Film

Film: Coraline

March 21, 2009

For some reason, I haven’t read any Neil Gaiman.  I’m not sure why that is; I have a feeling, on one level, that I’m just not his audience, but I think another factor may be that I’ve seen dramatizations of his books and found them wanting.  Coraline (2009) joins that (admittedly rather short) list, reminding me of other Gaiman material I’ve seen:  often clever, always inventive, dark, slightly funny, somewhat off-putting, less than gripping, and messily plotted.

Coraline (voiced by Dakota Fanning) has just relocated with her mundane, work-obsessed parents (Teri Hatcher and John Hodgman) to an odd boarding house in the Pacific Northwest, and is no big fan of this change in her life.  Bored and restless, she cynically explores her new surroundings, to discover an odd, locked, painted-over door, which she ultimately learns leads to a parallel dimension.  Perfect, alternate versions of her family seduce her into visiting often…until it becomes clear that the utopia behind the secret door isn’t all it’s cracked up to be.

As a story, it’s a nice high-concept fantasy with some engaging ideas, but the plot seems a bit seat-of-the-pants, and there doesn’t seem to be a very solid theme here.  It’s got a lot of a flashy ideas, but it doesn’t amount to all that much.  The film is very striking visually, and the stop motion animation is impressive, but I think that may be part of the issue; the grim, real reality and the cheery alternity behind the door are both equally fantastical, so there’s some necessary contrast missing.  We also saw this in 3D, and to me this added nothing to the film — it muddied out the color and lacked sharpness, and didn’t really contribute to the story-telling or spectacle of it.  The sound, on the other hand, was fantastic, and there was a unique original score that was very effective.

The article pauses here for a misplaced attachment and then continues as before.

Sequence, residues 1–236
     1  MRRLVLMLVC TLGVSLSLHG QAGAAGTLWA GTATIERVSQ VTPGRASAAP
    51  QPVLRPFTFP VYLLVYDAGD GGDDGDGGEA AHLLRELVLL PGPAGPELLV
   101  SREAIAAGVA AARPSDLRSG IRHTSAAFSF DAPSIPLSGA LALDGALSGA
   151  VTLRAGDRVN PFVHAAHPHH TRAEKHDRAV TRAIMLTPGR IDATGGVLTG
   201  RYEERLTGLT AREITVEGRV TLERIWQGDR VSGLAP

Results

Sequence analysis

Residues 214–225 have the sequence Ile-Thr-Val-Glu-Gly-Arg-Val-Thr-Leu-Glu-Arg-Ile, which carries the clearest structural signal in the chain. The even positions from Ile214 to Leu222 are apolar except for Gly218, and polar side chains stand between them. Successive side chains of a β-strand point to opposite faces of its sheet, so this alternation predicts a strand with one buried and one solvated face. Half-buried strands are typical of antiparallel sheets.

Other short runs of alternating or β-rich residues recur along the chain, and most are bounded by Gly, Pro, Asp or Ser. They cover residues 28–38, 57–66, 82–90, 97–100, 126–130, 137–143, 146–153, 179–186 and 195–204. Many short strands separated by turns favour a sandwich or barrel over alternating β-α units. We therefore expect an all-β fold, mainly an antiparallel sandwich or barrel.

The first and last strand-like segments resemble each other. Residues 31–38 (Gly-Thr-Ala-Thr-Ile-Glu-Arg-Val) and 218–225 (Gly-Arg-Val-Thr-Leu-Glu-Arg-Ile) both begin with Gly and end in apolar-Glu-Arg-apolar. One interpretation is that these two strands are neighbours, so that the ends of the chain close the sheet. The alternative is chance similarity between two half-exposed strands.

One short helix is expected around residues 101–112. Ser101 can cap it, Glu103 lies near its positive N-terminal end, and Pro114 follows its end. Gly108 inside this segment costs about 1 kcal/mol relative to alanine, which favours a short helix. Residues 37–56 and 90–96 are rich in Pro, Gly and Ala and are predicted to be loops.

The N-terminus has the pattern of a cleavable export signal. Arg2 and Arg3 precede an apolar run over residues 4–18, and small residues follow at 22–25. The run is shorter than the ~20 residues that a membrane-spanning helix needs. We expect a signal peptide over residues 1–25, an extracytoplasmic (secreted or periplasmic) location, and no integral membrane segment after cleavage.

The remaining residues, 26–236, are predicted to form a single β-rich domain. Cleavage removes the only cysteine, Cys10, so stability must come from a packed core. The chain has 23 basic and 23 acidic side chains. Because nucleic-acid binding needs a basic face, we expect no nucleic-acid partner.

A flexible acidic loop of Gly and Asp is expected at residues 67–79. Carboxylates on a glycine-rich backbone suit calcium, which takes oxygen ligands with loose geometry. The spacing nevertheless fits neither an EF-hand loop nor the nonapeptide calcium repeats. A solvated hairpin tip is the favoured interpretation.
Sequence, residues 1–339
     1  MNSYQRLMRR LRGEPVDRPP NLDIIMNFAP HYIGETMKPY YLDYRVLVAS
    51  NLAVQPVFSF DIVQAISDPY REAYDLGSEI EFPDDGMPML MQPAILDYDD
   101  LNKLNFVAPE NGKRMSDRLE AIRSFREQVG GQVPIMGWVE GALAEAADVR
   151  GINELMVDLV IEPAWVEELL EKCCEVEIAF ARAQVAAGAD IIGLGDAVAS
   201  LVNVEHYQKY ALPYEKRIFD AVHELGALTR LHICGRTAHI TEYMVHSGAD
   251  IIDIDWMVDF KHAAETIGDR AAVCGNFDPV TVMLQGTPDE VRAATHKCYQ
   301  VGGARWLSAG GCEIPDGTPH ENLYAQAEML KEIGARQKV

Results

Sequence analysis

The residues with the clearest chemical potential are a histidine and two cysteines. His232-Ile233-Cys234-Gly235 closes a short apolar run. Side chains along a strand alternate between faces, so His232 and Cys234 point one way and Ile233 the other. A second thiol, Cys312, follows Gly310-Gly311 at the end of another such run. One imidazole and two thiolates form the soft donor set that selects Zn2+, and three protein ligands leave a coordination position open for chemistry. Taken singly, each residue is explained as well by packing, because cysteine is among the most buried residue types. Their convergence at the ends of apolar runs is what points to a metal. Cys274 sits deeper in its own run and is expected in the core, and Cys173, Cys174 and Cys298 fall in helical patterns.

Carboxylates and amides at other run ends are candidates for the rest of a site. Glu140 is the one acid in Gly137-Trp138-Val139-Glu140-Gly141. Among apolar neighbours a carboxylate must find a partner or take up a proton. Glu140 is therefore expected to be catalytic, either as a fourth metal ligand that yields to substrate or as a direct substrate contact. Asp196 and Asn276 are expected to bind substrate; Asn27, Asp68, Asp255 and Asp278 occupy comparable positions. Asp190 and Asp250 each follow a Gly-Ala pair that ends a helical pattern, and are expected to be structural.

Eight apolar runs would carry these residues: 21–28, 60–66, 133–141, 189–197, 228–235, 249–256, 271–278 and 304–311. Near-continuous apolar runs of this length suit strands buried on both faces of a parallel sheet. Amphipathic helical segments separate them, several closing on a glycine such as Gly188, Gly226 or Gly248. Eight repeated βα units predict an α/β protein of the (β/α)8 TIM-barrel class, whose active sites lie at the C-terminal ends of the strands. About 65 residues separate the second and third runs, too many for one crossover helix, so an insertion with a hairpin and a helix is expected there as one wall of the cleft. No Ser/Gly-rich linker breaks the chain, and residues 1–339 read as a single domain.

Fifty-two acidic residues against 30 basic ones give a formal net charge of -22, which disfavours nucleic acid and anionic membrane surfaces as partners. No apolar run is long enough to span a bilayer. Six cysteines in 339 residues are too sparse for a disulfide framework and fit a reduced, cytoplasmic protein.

Overall, a pretty mixed bag — it has its impressive aspects, but on the whole it didn’t do all that much for me.

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